Customer number is king? The case for KPI assurance | Deloitte UK has been saved
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As an increasing number of fintechs battle for space in our wallets, alternative performance measures1 and key performance indicators2 enable these fast-growing companies to tell their stories in a way that metrics used by more established banks and payment businesses can’t do as easily.
This is important at a challenging time for companies, amidst high competition, a dynamic regulatory environment and as customers grapple with the continuing cost of living crisis. In its response to the consultation on strengthening the UK’s audit, corporate reporting and corporate governance systems, the Government also recognises “considerable investor and other interest” in reporting on KPIs and APMs and proposes that they could be considered for inclusion in a company’s Audit and Assurance Policy (AAP).
Customer numbers and growth are front and centre of information presented to investors and potential investors, whether as part of the Annual Report, website or social media posts. And for some companies it’s retail investors and crowd funders, not just venture capitalists or institutional investors, that they’re looking to appeal to.
When seeking to build trust, the use of stats like “a customer of x bank has 30 friends using the bank” can be powerful, and overall customer numbers are presented as the key measure of a successful year.
But what is a customer? Someone who has opened an account and not used it, or uses it very occasionally? Does a joint account count as one customer, or two? Even for the most successful fintechs, “customers” who use them as their “main” (another classification which can be open to interpretation) account, is less than 1 in 5 who have an account with that bank. There are many judgements folded into these metrics and indicators, and companies can take different approaches as definitions and methodologies can be inconsistent and highly subjective. Companies may also change their approach over time. Customer growth drives investment, and more growth. Companies are increasingly focusing on how they give confidence in these KPIs.
Larger banks also lead with customer information, and the role for assurance is evolving. As well as customer numbers, this can include statistics about social responsibility, such as financial capability efforts and how they work with customers on fraud prevention. Presented in the front half of the annual report and on the website, these figures are not audited. Some of these metrics are subject to assurance, but some are not.
This demonstrates the mix of practice around the use of assurance, and potential for ambiguity, even within the same page of an annual report or section of a webpage. For example, a reported capital metric might be specifically labelled as “unaudited” when presented in proximity to audited financial information, whereas customer numbers are not routinely labelled as such, leaving it for the reader to infer whether different pieces of information presented alongside each other attract the same degree of confidence. An Audit and Assurance Policy can help users understand these differences, and how companies are confident in their published information.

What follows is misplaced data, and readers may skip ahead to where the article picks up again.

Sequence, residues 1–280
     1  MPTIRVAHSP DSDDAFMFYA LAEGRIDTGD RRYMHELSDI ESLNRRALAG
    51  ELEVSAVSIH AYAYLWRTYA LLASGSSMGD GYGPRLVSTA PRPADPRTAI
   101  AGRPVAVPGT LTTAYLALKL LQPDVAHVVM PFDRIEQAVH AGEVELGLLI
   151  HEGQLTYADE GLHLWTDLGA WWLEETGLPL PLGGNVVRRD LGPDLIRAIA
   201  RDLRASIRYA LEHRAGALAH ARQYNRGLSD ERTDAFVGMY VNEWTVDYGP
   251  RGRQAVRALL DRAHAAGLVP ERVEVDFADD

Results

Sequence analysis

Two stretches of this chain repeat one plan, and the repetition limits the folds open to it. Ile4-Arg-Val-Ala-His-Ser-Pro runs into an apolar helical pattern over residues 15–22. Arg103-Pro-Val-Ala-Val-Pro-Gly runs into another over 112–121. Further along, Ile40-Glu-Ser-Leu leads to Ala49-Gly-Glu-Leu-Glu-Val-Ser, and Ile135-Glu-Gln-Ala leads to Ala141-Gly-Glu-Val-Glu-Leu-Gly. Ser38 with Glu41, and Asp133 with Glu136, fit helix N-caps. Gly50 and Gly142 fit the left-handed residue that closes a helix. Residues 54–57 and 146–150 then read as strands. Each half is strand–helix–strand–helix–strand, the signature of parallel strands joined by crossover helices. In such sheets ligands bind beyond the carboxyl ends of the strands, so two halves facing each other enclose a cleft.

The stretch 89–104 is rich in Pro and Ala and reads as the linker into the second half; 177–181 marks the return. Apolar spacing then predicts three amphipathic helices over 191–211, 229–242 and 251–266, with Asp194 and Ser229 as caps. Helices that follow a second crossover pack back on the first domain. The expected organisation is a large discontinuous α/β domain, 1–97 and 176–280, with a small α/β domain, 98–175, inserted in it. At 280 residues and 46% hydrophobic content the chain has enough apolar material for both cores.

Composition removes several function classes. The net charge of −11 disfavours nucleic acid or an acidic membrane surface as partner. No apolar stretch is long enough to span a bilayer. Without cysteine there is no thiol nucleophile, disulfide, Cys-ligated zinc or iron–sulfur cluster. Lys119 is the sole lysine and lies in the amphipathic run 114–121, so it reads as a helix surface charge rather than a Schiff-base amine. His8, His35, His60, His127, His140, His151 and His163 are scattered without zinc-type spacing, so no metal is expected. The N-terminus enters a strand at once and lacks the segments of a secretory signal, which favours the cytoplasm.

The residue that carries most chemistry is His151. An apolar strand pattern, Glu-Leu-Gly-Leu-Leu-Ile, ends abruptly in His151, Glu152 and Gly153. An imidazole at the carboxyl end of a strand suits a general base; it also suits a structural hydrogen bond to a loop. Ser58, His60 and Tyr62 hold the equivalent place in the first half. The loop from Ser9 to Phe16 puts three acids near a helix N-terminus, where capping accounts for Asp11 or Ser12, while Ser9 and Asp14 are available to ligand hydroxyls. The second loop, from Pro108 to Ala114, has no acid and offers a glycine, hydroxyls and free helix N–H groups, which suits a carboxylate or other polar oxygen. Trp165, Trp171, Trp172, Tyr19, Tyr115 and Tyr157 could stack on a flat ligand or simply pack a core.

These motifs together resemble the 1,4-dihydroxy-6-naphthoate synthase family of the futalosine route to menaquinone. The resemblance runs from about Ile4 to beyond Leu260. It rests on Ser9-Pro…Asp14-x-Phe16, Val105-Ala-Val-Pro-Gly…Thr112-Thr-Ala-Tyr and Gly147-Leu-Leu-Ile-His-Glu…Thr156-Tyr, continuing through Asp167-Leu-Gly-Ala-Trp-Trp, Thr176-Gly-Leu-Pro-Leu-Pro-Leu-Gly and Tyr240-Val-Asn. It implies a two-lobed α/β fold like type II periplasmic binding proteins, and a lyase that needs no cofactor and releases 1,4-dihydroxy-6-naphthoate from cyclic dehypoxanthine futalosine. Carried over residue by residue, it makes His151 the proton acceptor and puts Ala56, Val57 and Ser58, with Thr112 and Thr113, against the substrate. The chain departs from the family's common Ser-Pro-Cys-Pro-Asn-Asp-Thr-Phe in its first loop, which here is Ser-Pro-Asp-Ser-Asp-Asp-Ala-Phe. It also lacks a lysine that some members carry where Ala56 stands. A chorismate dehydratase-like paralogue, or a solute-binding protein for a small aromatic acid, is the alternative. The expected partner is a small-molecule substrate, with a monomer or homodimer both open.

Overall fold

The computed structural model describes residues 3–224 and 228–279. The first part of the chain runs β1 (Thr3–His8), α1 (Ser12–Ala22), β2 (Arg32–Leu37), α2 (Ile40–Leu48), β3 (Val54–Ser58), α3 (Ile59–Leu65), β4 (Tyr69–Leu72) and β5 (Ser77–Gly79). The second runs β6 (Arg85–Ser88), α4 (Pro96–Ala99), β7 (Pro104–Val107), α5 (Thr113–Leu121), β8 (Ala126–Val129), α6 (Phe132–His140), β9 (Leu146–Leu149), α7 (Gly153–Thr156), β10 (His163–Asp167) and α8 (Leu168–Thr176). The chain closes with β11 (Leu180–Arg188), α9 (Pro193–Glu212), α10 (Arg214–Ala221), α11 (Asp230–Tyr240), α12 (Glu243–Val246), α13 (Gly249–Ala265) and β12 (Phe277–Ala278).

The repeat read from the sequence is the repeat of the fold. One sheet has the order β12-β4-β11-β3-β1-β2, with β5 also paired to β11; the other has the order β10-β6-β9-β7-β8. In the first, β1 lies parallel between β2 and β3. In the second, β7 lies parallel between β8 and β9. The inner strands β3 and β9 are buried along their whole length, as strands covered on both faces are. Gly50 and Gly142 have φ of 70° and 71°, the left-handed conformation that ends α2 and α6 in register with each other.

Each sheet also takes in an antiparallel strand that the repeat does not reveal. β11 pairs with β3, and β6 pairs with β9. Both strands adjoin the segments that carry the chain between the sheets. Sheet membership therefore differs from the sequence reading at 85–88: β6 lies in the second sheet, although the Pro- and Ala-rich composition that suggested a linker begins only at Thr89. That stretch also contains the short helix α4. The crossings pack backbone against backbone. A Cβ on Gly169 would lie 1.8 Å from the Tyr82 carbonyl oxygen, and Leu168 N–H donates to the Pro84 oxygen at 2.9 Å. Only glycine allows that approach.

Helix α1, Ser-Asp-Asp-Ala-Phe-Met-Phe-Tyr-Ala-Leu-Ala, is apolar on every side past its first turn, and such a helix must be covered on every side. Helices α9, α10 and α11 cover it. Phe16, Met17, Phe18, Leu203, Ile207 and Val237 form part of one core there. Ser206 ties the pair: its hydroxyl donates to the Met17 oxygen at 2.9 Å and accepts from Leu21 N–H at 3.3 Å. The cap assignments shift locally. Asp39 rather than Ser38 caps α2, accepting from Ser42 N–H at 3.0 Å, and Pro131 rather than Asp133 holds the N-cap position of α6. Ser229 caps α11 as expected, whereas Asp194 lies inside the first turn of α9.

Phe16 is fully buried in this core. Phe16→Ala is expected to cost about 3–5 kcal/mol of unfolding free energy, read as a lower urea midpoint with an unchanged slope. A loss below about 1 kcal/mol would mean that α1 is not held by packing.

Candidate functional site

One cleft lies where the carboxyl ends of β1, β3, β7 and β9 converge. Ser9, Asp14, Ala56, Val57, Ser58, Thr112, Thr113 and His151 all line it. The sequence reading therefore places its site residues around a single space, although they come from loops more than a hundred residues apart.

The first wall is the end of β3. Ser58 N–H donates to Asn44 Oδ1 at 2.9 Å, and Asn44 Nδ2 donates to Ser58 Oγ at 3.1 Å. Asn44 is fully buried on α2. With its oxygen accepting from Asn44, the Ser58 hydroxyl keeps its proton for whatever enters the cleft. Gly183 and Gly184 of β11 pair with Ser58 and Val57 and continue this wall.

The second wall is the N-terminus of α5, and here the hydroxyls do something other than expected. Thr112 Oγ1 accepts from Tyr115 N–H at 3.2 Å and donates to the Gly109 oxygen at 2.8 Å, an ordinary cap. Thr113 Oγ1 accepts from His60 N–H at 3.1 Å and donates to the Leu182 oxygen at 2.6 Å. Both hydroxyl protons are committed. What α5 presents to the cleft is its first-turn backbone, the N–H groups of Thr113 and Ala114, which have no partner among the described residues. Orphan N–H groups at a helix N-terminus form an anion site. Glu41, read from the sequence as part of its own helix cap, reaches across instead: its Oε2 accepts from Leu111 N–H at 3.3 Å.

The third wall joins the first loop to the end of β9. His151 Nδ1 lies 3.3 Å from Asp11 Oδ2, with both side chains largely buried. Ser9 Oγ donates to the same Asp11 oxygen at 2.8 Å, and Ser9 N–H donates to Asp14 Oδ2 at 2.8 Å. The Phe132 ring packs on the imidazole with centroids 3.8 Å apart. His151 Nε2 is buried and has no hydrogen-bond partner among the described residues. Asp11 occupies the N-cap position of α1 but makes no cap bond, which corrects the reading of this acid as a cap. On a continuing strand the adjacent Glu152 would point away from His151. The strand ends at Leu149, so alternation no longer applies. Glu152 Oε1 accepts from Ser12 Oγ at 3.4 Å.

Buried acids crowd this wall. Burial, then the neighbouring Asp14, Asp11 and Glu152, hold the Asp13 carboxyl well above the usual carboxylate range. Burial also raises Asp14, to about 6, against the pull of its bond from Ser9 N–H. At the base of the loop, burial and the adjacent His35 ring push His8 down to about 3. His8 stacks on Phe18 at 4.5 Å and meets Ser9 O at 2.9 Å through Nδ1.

Even “simple” metrics like customer numbers, transactions and app downloads can be arrived at in a variety of ways. For example, if I have an iPad, a work phone and a personal phone, I might account for 3 app downloads, but only one account/customer. In areas like buy-now-pay-later, APMs and KPIs like app user purchases vs non app user purchases, “active” consumers and ranking in app store downloads for shopping apps become measures of success, telling a story about how consumer behaviour is changing to favour this method of payment. Whilst an app store ranking should be straightforward to understand and verify (a snapshot at a point in time), defining an active consumer is harder. Is it clothes shopping after each payday? Or would an annual wardrobe refresh still qualify you as an active consumer?
These numbers are clearly linked to strategic objectives for fast growing fintech companies, such as increasing the proportion of primary [main] account customers, customer growth, and increasing transaction volumes. If they make the case for investment and incentivise management alongside traditional financial measures, they should hold the same degree of confidence and be considered as part of the AAP.
A clearly constructed AAP, focusing on principle risks and resilience, and providing a clear understanding of where assurance has been provided and by who (with independent, standards-based assurance providing the highest level of confidence) can help to ensure that the story told through APMs and KPIs is robust and better understood by customers, investors, and other stakeholders. Companies need to come to a view on how they are going to give confidence in these metrics. For strategically important, headline indicators, companies should consider the value of independent assurance.
1APMs: a financial measure of historical or future financial performance, financial position, or cash flows, other than a financial measure defined or specified in the applicable financial reporting framework
2KPIs: a quantifiable measures that gauge a company's performance against a set of targets, objectives, or industry peers
Philippa is a Director in Regulatory Assurance where she is part of the Conduct & Prudential team. Prior to joining Deloitte she was Director of Financial Services at ICAEW (Institute of Chartered Accountants in England & Wales) where she was responsible for ICAEW’s technical, policy and thought leadership work related to accounting, audit, risk and regulation across banking, insurance, and investment management. She trained as a Chartered Accountant with PwC.